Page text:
Debate club, jazz band rehearsal, soccer practice, and a myriad of other extra-curricular activities can quickly fill your schedule. With the addition of homework, family commitments, and basic necessities like eating and sleeping, you may feel as though you have little time to think. But if the opportunity to participate in volunteer work arises, consider it—seriously. Such pastimes benefit you as much as they benefit the individuals you assist. Here are five reasons to volunteer:
Volunteering is the right thing to do
Volunteering is, simply, the right thing to do. You do not need a particular religious orientation or specific motive to pursue volunteer work. If you are in a position to give of your time—and many of us are—that is all you must have to begin.
You can ease real needs
When our experience involves only our own neighborhoods, schools, and work environments, it is all too simple to lose sight of the needs that exist even in our own communities. Programs like the Red Cross and World Vision are at work all across the United States. Poverty is rampant in the most prosperous cities and states in America, so do not underestimate your volunteer prospects. Start small and nearby with organizations that are at work within your own area. Go overseas if and when the opportunity arises.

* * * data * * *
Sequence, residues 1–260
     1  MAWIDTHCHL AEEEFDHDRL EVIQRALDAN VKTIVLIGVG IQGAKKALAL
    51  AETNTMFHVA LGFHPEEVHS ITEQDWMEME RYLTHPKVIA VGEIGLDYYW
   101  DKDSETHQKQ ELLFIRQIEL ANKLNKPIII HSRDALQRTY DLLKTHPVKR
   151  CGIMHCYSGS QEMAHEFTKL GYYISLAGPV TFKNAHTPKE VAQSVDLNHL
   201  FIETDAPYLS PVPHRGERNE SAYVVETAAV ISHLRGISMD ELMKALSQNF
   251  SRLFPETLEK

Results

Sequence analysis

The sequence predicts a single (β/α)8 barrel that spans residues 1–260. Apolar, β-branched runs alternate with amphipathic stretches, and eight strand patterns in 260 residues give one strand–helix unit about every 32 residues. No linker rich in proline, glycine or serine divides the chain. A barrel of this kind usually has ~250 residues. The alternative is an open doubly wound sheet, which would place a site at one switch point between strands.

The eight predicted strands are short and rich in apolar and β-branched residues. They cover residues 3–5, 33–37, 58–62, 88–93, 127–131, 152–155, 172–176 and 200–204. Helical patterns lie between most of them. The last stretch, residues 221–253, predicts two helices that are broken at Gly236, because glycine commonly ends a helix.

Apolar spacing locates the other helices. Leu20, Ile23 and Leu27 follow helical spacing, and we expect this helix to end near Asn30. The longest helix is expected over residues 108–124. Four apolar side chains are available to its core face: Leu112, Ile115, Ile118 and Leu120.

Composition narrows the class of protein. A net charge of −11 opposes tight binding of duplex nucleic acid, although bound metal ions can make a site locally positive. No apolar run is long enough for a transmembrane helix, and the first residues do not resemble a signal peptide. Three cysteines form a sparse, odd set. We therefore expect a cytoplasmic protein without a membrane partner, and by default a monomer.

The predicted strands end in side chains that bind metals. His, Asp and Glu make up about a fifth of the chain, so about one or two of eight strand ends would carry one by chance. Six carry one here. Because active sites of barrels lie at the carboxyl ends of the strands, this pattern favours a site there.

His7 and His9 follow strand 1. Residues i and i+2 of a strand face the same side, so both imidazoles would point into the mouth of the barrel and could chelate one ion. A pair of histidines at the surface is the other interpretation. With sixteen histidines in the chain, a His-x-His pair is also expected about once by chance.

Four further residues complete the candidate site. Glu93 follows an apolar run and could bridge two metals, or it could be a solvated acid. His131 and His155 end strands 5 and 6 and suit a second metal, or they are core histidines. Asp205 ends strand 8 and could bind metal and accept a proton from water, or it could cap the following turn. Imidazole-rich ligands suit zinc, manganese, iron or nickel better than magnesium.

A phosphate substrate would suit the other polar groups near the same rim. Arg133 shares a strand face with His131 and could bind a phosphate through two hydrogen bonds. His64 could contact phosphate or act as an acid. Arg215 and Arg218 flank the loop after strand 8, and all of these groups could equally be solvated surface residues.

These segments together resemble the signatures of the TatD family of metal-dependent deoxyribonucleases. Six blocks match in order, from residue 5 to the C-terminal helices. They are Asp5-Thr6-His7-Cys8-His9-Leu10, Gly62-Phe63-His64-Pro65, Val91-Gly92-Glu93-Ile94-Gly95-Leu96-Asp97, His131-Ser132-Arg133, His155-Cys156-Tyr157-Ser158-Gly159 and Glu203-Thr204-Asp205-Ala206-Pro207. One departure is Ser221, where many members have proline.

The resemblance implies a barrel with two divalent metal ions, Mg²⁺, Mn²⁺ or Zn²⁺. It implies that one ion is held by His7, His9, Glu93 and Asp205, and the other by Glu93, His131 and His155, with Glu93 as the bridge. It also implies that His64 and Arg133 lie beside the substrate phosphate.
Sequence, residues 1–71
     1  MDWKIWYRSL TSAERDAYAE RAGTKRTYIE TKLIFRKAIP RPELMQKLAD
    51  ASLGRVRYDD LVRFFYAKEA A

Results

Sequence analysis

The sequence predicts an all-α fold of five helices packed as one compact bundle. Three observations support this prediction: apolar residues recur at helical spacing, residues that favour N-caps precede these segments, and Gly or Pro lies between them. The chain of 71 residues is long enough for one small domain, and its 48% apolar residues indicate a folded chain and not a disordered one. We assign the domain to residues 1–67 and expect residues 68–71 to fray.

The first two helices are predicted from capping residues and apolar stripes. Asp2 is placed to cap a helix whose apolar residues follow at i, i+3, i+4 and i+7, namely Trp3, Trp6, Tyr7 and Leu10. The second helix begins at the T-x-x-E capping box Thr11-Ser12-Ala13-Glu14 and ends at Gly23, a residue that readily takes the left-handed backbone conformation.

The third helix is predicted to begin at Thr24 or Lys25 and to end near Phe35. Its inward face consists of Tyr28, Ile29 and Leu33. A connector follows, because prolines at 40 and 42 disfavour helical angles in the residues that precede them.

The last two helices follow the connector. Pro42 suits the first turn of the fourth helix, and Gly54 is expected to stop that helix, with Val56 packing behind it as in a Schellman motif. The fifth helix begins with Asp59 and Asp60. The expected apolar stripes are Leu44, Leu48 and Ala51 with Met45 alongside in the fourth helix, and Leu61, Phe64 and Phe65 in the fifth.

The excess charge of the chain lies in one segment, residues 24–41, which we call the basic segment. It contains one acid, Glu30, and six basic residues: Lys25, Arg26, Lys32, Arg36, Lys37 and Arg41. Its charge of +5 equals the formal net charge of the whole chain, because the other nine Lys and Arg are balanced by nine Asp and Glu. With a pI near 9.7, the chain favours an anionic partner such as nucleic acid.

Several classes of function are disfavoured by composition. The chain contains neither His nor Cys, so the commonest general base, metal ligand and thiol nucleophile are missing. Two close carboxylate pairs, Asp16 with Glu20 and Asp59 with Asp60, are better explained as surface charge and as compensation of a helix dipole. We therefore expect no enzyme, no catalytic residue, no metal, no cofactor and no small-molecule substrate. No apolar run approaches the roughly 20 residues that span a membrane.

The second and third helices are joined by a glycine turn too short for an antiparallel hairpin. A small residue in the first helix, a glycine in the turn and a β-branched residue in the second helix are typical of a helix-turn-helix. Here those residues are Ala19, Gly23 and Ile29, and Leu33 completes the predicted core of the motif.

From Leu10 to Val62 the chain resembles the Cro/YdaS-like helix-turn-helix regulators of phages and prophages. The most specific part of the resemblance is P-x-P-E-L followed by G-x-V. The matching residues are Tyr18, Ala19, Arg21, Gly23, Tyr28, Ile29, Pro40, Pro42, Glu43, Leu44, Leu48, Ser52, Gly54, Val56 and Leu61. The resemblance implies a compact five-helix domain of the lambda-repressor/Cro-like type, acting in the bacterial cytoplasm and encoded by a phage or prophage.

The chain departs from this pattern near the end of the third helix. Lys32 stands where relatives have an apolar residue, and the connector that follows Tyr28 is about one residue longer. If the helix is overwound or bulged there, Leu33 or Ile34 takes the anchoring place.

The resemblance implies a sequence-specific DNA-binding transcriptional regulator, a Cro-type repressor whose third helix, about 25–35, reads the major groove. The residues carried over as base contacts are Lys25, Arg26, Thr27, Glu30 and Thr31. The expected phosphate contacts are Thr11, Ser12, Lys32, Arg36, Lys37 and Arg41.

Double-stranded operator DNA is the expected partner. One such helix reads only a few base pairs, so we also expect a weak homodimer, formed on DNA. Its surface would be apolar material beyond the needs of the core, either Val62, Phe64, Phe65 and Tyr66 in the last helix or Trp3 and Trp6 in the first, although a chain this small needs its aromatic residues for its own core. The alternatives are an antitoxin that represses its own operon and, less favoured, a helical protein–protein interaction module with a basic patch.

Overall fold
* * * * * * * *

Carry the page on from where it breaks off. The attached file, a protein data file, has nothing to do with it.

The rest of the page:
Volunteering provides you with real-life experience
Volunteerism exposes you to experiences and people you might never encounter otherwise. It is easy to develop a one-dimensional view of the world when the vast majority of our interactions are with one or two groups of individuals. Choosing to aid people from less affluent backgrounds will broaden your perspective and challenge you to become a better-rounded individual. Realizing firsthand what others lack will also provide you with a deeper appreciation of what you have. Plus, you may also learn useful skills—building, cooking, teaching, and so on—that will serve you well in college and beyond.
You can strengthen your college applications
Volunteer work reads very well on college applications. Higher education institutions wish to see that you have an outlook that transcends your immediate interests, and volunteer work demonstrates a readiness to go above and beyond what is strictly required of you. This is the type of student colleges and universities pursue—a person who will not just involve him- or herself in the community and reach out to those in need, but who will also work past the minimum standard in classes. But, as previously mentioned, take care to avoid allowing the practical benefits of this work to become your only rationale for volunteering.
Volunteering is enjoyable
Last, but certainly not least, volunteering can be fun! While it may initially be frightening or uncomfortable to go beyond your comfort zone, you may find that as you acclimate, helping other individuals will become second nature. Not only will you be improving people’s lives, you will also be enriching your life and building an outwardly focused lifestyle.